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I’ve been thinking about the Movement for Black Lives’ (MBL) condemnation of Israel and about the anti-Israel Boycott, Divest, Sanction (BDS) movement.

I’ve often heard people ask: Why so much emphasis on Israel when other countries are also bad or even worse?

It’s not just anti-Semitism, although that may be part of it.

I think it’s part of a general trend among everyone: We sympathize with people whom we see as similar to ourselves.

For instance, the MBL platform opposes discrimination against black people. It also observes that Israel “practices systematic discrimination” against the Palestinians — a group that MBL calls part of “our community”.

It’s an understandable comparison: Israel and the United States are both Western-style democracies with a culturally and ethnically distinct minority that faces discrimination from the country’s power structure. No wonder the MBL cares about the Palestinians.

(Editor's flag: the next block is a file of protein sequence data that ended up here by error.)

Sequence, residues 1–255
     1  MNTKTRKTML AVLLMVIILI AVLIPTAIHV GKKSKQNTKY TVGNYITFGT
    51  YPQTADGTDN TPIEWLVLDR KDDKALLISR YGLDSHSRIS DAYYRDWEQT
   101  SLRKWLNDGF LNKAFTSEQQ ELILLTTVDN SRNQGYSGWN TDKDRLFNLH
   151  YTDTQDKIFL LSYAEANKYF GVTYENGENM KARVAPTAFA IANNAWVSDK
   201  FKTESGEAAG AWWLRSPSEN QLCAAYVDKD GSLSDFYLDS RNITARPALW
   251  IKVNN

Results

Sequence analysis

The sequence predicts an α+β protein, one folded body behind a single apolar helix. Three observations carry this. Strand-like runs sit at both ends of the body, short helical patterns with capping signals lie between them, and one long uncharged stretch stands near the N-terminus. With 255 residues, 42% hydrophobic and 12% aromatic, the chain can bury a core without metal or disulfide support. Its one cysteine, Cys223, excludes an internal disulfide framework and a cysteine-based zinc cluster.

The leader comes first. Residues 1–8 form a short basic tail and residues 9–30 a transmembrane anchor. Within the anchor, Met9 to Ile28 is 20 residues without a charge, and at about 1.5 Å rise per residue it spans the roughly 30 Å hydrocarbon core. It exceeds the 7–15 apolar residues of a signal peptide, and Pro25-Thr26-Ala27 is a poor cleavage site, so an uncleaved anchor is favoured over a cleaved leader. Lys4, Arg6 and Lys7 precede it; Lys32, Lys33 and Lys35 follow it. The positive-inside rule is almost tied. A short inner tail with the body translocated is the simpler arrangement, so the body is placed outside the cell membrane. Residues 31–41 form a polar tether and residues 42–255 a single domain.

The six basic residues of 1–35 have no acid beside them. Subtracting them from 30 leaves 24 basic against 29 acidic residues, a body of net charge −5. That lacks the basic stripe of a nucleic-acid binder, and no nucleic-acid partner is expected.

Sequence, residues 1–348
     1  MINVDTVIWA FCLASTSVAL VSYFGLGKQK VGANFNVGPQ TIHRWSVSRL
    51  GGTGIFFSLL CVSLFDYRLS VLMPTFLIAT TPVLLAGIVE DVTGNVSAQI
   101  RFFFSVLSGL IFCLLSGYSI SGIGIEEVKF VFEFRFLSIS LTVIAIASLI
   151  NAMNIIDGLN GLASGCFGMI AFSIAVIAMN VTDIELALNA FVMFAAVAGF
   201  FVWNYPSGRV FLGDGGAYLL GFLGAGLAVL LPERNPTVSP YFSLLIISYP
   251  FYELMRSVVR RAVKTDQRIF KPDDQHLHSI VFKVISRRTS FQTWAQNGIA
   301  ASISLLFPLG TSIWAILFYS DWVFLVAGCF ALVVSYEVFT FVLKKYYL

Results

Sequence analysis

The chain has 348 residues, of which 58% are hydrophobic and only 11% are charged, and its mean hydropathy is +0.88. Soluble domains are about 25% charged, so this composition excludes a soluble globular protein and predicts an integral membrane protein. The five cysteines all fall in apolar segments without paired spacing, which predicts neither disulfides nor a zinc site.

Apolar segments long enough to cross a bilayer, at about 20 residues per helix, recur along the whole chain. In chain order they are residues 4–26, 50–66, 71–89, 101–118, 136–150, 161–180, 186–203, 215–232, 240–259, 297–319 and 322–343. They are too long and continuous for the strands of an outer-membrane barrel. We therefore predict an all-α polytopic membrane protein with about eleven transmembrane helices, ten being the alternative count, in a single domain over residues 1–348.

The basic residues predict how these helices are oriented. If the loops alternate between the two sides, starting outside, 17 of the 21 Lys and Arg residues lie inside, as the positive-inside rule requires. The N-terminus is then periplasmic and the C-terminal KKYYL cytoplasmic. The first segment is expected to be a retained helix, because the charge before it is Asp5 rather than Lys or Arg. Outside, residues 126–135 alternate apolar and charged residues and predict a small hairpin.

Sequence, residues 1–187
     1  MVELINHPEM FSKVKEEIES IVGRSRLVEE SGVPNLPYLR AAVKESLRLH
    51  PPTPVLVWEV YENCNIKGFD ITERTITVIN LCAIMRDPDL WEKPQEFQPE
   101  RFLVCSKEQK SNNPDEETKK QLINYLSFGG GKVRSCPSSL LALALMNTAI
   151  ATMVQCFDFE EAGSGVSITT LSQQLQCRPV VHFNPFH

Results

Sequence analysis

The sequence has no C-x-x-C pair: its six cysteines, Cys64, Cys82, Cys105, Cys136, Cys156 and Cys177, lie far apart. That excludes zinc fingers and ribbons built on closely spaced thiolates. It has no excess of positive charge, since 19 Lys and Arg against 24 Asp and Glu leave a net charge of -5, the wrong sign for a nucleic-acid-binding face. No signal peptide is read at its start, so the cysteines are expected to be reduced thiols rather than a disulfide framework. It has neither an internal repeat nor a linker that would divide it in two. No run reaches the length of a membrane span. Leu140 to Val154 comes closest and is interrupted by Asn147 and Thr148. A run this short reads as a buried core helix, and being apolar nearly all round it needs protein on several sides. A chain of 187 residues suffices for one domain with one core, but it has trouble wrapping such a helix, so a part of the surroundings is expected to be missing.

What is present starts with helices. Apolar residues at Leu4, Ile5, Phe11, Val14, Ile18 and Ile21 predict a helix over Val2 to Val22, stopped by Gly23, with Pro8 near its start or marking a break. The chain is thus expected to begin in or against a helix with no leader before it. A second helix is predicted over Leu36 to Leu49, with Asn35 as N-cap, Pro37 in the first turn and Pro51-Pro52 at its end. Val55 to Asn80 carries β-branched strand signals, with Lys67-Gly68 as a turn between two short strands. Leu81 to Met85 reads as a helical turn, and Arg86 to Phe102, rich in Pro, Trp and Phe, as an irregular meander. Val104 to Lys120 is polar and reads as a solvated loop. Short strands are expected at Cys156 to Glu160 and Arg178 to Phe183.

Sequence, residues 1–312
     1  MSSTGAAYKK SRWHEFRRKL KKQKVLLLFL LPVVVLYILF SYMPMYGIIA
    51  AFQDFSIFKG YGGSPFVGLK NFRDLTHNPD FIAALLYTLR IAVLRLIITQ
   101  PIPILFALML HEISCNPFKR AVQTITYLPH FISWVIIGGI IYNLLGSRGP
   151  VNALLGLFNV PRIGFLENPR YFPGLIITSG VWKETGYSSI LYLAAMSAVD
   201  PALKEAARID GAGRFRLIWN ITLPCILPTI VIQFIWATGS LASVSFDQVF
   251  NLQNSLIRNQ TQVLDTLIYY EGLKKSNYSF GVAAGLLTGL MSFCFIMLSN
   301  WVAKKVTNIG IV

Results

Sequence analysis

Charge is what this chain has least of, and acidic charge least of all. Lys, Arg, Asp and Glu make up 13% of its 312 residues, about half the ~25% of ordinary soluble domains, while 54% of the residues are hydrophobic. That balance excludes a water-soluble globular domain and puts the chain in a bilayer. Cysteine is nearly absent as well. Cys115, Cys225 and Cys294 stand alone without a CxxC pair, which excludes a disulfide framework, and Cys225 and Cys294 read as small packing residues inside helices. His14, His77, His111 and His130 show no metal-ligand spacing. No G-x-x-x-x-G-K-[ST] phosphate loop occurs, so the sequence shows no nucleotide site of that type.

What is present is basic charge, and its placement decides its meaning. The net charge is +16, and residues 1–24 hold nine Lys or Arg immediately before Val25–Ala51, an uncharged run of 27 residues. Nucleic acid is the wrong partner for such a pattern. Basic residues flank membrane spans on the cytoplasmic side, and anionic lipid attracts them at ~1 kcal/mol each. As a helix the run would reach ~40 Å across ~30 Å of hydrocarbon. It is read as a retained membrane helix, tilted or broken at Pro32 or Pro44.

It’s harder to identify with the situation in, say, North Korea — a non-democratic society that makes life hell for nearly all of its citizens, not just a particular ethnicity. Who cares if North Korea’s government oppresses the North Koreans, or if Russia’s government oppresses the Russians, or if China, Sudan and Cuba deprive their own people of rights? If you’re not ethnically Korean, Russian, Chinese, Sudanese or Cuban, you probably don’t care much.

Even if we did care, we might feel discouraged about protesting those countries’ governments. Foreign tyrannies don’t usually budge in response to U.S. citizen groups.

So for anyone complaining that anti-Israel protests are unfair when worse governments are doing worse things — sorry, but you won’t change the protestors’ minds unless you can get them to see the Israelis as similar to themselves.

And that may not be easy.